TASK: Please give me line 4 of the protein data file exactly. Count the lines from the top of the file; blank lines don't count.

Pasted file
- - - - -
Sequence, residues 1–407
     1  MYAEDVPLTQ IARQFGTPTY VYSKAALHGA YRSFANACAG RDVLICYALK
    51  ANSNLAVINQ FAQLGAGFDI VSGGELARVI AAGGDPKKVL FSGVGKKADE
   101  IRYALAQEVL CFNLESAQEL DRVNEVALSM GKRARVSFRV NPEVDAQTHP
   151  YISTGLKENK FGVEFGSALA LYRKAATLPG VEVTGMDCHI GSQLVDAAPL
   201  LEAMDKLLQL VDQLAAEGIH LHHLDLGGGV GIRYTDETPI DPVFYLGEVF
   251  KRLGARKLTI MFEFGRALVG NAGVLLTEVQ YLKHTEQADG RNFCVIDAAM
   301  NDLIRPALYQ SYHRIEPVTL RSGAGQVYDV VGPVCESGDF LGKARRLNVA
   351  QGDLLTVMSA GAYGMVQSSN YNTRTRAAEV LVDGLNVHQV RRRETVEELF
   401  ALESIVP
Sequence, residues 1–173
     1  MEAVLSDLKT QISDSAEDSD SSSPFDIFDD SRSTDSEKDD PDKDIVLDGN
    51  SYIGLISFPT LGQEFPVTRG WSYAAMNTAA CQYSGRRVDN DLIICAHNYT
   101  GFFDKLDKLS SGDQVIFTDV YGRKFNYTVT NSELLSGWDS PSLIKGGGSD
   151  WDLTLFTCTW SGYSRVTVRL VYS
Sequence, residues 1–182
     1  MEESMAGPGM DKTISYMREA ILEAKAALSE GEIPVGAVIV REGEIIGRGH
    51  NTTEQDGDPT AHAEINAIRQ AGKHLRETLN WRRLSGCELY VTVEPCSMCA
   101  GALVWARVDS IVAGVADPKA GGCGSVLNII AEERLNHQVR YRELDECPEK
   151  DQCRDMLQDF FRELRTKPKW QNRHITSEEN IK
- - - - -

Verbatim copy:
   101  IRYALAQEVL CFNLESAQEL DRVNEVALSM GKRARVSFRV NPEVDAQTHP